The Power of Praise

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"My soul praises the Lord and my spirit rejoices in God my Savior, for he has been mindful of the humble state of his servant. From now on all generations will call me blessed, for the Mighty One has done great things for me—holy is his name. His mercy extends to those who fear him, from generation to generation." (Luke 1:46-50).

So begins what is sometimes referred to as the "Magnificat" or Mary's song.

It is her response to her cousin Elizabeth's words: "Blessed is she who has believed that what the Lord has said to her will be accomplished!" (Luke 1:45).

Praise is the ultimate result of faith. It's how we say that we believe. Praise is not the logical response to our circumstances. For Mary, it was not logical to praise God for being an unwed pregnant girl whose only explanation was that the Spirit of God had overwhelmed her and given her a child who was the Son of the Almighty and Saviour of the world!

But faith is often illogical. It opposes the odds. It rises above the statistics. It races ahead of the favourites to win against the strongest doubts and the swiftest fears.

It makes a humble teenage girl mount the podium of history as the favoured of God.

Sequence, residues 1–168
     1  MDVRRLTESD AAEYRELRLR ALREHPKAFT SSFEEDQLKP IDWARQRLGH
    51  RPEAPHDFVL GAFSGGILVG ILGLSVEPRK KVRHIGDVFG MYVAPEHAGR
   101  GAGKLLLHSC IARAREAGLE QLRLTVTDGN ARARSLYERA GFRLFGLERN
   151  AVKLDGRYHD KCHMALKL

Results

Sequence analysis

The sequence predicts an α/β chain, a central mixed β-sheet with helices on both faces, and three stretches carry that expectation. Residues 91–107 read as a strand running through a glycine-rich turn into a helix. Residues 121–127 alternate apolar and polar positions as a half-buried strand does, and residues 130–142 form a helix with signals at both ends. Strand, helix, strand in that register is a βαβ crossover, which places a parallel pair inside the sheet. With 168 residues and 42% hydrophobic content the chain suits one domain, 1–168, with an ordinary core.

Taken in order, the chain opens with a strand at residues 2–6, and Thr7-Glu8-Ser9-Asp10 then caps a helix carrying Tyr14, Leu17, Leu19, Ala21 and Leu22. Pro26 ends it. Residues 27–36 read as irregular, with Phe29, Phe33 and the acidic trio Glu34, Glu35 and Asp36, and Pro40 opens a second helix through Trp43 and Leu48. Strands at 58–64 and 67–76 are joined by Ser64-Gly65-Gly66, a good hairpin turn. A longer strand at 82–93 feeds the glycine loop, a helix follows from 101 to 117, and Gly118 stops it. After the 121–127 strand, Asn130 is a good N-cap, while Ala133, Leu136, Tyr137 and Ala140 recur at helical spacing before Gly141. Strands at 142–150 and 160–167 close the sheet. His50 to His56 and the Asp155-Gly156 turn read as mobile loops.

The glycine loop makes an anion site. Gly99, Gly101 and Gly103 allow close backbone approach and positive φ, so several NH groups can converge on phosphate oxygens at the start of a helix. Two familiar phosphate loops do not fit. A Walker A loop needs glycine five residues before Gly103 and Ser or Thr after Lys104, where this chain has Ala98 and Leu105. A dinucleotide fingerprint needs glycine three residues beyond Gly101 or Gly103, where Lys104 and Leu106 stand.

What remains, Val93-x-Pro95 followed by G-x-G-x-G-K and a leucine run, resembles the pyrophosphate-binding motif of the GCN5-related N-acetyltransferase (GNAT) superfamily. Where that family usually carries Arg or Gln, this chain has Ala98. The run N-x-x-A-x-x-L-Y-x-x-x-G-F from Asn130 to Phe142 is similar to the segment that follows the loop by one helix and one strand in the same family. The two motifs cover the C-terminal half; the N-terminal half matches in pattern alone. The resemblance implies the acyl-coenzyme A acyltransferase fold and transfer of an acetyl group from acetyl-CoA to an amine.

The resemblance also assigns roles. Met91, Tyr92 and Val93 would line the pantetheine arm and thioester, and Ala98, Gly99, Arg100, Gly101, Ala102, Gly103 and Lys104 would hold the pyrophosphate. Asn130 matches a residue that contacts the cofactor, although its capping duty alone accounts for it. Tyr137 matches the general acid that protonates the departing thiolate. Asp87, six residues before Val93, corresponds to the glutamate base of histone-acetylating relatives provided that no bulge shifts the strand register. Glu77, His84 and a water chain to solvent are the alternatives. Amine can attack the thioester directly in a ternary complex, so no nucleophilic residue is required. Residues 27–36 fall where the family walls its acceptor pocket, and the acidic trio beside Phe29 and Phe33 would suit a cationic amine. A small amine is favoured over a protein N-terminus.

When I think of the effects of praise, and the faith it portrays even in dire circumstances, I have to go back to an Old Testament story. In 2 Chronicles 20 we read the story of Jehoshaphat, King of Judah. Faced with a vastly superior force of Moabites and Ammonites hungry for his head and his land, the king went to the Lord for help (2 Chronicles 20:5-12). His prayer ends with, "For we have no power to face this vast army that is attacking us. We do not know what to do, but our eyes are upon you."

He receives assurances from the Lord. "Do not be afraid or discouraged because of this vast army. For the battle is not yours but God's...You will not have to fight this battle. Take up your positions; stand firm and see the deliverance the Lord will give you" (20:15, 17).

I can almost hear something similar in Mary's mind. "Big challenges, Mary, but go ahead and face them. I've got this!"

Then the king, "...appointed men to sing to the Lord and to praise him for the splendor of his holiness as they went out at the head of the army, saying: 'Give thanks to the Lord, for his love endures forever.' As they began to sing and praise, the Lord set ambushes..." (20:21, 22). In response to praise, God worked!

Mary knew that whatever was to happen, whatever had happened, was out of her hands. King Jehoshaphat knew that too. But both of them knew in whose hands the outcome rested.

And that faith expressed itself in praise.

In herself, Mary was helpless. But her God wasn't. And so she could say with assurance: "I am the Lord's servant...May it be to me as you have said" (Luke 1:38), and praised the Lord for what He had done (1:51-55) and for what He was going to do.

Go ahead, make "a joyful noise" (Psalm 95:1) and see what the Lord will do.



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